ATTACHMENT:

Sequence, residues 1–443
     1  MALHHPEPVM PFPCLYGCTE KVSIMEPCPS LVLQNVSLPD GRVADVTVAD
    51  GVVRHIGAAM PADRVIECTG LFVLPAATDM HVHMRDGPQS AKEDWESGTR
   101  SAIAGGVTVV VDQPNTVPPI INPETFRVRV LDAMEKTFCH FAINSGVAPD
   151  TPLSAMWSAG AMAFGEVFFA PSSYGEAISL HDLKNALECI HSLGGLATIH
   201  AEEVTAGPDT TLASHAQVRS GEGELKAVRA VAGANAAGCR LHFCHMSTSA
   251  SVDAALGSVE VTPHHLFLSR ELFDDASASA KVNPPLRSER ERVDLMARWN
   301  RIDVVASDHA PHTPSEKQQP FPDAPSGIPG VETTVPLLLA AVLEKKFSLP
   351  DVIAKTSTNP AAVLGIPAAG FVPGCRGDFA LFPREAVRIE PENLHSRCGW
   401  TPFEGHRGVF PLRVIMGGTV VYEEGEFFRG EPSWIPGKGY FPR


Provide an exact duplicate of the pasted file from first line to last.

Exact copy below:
Sequence, residues 1–443
     1  MALHHPEPVM PFPCLYGCTE KVSIMEPCPS LVLQNVSLPD GRVADVTVAD
    51  GVVRHIGAAM PADRVIECTG LFVLPAATDM HVHMRDGPQS AKEDWESGTR
   101  SAIAGGVTVV VDQPNTVPPI INPETFRVRV LDAMEKTFCH FAINSGVAPD
   151  TPLSAMWSAG AMAFGEVFFA PSSYGEAISL HDLKNALECI HSLGGLATIH
   201  AEEVTAGPDT TLASHAQVRS GEGELKAVRA VAGANAAGCR LHFCHMSTSA
   251  SVDAALGSVE VTPHHLFLSR ELFDDASASA KVNPPLRSER ERVDLMARWN
   301  RIDVVASDHA PHTPSEKQQP FPDAPSGIPG VETTVPLLLA AVLEKKFSLP
   351  DVIAKTSTNP AAVLGIPAAG FVPGCRGDFA LFPREAVRIE PENLHSRCGW
   401  TPFEGHRGVF PLRVIMGGTV VYEEGEFFRG EPSWIPGKGY FPR